Thyroid disease explained Thursday night

In support of Thyroid Disease Awareness Month, this common, yet often undiagnosed, condition will be discussed at a free health education session Thursday, 19 January at The Chrissie Tomlinson Memorial Hospital.

Dr. Steve Tomlinson will deliver this presentation, starting at 7pm.

‘Thyroid disorders are usually treatable; however, untreated thyroid disease can produce serious results in other parts of the body. Understanding more about the thyroid, and the symptoms that occur when something goes wrong with this small gland, can help you protect or regain good health,’ Dr. Tomlinson said.

The thyroid gland is a small gland at the base of the neck, he explained. It weighs only about 25 grams, yet the hormones it secretes are essential to all growth and metabolism.

The gland regulates all body functions.

‘There are many types of thyroid disease; however, the most common conditions are hypothyroidism (under-active thyroid) and hyperthyroidism (overactive thyroid).

‘Thyroid disease is of particular concern to women, who are five to eight times more likely than men to be diagnosed with the condition,’ he said.

According to the American Thyroid Association, nearly one out of 50 women in the US is diagnosed with an under-active thyroid during pregnancy, and six out of every 100 miscarriages can be associated with thyroid deficiency during pregnancy.

The elderly are also at increased risk for the disease. By age 60, as many as 17 per cent of women and nine per cent of men have an under active thyroid.

‘There may be emotional reactions to thyroid illness,’ Dr. Tomlinson explained.

‘Hyperthyroid patients often feel unusually nervous or irritable. Hypothyroid patients can feel unusual fatigue or depression.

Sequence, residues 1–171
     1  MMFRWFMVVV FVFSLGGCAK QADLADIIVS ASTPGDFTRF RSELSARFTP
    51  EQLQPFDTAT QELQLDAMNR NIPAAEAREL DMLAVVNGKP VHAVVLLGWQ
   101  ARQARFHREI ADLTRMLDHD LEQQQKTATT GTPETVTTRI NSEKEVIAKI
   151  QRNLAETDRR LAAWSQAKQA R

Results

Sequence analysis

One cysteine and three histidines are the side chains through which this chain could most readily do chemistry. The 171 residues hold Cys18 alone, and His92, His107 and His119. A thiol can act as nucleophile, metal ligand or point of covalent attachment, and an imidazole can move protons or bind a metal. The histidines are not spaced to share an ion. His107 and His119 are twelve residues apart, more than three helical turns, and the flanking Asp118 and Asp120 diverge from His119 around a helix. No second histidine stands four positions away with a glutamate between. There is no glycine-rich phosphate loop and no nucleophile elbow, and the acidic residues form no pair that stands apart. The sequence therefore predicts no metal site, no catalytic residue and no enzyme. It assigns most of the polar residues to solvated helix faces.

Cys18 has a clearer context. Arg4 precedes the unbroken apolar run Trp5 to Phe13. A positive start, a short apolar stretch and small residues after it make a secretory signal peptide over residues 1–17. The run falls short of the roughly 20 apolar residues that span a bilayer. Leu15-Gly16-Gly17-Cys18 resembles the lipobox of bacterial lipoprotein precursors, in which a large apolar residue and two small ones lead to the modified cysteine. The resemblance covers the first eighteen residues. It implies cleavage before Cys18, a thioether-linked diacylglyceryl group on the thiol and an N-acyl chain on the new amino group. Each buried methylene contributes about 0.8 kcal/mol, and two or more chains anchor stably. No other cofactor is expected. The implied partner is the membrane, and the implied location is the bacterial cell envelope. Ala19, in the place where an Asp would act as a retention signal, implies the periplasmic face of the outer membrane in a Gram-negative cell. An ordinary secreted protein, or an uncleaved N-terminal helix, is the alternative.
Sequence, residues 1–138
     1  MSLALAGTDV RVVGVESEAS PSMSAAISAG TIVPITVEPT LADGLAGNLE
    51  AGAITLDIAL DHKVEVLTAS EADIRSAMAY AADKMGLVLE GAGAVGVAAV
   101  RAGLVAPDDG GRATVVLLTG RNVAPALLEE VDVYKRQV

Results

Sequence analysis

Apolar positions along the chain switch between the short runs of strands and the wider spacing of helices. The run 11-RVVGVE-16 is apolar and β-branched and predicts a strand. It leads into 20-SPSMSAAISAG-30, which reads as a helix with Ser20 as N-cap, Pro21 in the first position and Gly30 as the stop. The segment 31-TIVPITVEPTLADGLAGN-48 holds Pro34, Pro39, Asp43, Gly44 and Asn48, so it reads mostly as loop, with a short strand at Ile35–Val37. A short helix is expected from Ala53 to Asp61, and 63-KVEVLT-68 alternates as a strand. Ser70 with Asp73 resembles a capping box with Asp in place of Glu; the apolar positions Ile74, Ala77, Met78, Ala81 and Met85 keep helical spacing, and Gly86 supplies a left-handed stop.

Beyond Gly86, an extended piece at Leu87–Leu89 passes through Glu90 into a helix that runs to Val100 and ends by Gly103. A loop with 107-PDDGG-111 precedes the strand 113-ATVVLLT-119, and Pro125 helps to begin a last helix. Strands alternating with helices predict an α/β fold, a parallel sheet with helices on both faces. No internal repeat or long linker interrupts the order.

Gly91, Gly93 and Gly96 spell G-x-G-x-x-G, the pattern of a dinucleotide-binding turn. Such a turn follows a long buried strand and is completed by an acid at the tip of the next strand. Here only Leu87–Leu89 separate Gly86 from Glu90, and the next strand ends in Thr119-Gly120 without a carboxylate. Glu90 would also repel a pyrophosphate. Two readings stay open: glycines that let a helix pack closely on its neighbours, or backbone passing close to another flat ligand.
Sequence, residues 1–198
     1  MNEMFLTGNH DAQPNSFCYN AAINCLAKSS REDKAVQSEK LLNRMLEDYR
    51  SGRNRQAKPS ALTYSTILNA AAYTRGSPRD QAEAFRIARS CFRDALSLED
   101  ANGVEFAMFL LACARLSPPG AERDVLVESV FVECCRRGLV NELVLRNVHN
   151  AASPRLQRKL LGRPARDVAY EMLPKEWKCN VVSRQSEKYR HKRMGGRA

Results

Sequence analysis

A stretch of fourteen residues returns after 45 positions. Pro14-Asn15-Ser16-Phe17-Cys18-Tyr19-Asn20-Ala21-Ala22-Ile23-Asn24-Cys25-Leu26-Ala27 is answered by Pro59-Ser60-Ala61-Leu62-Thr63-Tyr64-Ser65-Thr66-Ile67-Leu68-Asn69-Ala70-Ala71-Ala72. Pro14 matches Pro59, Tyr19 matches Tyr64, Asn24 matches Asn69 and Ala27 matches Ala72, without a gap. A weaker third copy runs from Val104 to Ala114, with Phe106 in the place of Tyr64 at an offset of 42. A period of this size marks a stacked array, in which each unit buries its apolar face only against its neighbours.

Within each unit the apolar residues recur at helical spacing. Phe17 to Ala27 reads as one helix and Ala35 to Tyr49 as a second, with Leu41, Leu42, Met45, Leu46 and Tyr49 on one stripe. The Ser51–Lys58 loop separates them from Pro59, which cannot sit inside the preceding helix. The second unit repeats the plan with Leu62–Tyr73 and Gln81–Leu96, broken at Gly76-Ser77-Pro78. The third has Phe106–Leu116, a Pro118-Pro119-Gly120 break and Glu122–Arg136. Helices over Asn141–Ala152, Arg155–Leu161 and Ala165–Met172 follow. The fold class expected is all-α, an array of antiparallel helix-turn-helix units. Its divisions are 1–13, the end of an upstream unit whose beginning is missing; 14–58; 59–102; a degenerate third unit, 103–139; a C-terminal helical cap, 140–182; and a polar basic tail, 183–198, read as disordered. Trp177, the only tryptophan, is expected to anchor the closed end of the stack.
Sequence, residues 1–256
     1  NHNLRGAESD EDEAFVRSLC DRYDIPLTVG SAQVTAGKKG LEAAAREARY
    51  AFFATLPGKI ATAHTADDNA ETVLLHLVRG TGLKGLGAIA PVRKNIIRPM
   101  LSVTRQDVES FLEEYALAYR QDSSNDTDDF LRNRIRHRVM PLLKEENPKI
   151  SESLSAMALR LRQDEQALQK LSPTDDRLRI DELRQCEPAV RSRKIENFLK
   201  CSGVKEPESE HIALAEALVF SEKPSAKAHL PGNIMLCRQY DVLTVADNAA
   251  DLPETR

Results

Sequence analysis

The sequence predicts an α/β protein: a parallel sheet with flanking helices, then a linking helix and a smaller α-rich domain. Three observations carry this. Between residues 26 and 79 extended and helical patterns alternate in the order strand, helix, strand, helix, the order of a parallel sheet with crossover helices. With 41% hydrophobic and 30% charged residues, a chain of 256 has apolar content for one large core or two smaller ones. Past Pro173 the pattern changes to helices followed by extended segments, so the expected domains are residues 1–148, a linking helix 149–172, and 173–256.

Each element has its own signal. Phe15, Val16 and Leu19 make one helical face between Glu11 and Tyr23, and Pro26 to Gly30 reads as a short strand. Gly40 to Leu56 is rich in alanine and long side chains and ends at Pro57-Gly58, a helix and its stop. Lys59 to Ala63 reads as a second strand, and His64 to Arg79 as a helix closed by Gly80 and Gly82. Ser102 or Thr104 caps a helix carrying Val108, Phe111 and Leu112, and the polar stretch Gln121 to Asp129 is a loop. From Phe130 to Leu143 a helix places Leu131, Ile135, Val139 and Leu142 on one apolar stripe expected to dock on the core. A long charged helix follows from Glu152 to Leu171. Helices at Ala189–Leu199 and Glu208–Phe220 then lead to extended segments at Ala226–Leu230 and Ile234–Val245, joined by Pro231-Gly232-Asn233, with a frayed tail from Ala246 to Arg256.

‘It is important for thyroid patients and their families to understand that these reactions are common and likely to resolve with treatment.

‘It is also important to realize that some thyroid disorders develop very gradually. Since symptoms may not be easily recognized at first, subtle reactions in emotions or behaviour may be the only visible signs of thyroid disorder in the beginning stages,’ he said.

According to ATA guidelines, patients need to be screened for thyroid disease with a TSH test once they reach 35, or if they present with any symptoms or risk factors associated with thyroid disease such as fatigue, mood swings, forgetfulness, weight gain, depression, and dry, coarse skin and hair.

Once diagnosed with thyroid disease, a TSH test should be conducted regularly for optimal observation of treatment.

‘I hope this presentation will help individuals be better equipped in alerting their physicians to a suspected thyroid condition that may otherwise be difficult to diagnose, particularly in the early stages,’ Dr. Tomlinson said.

To register for this education session, contact CTMH at 949 6066.


Signs and symptoms of thyroid conditions:


Fatigue and weakness

Low basal temperature (cold intolerance)

Dry and coarse skin

Hair loss

Cold hands and feet

Weight gain




Poor memory, forgetfulness, dementia

Nervousness and tremors

Immune system problems

Heavy menstrual periods


Fatigue and weakness

Heat intolerance

Dry and coarse skin, clammy skin

Hair loss

Warm hands and feet

Weight loss



Poor memory, forgetfulness

Nervousness and tremors

Immune system problems

Light menstrual periods

Each person’s experience of thyroid illness differs depending on a number of factors; a patient will not necessarily have all the above symptoms. A physician should be consulted if thyroid illness is suspected.